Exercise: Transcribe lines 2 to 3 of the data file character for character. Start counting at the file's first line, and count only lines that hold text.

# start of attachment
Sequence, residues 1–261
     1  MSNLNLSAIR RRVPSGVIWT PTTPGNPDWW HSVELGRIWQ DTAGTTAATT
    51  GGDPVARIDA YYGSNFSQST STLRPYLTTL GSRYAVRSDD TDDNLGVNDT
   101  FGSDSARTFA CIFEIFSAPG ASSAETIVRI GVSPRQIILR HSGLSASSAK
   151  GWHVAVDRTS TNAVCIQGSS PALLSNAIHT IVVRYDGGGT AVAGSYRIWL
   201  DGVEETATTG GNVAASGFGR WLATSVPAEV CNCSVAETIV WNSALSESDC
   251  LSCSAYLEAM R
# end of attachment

     1  MSNLNLSAIR RRVPSGVIWT PTTPGNPDWW HSVELGRIWQ DTAGTTAATT
    51  GGDPVARIDA YYGSNFSQST STLRPYLTTL GSRYAVRSDD TDDNLGVNDT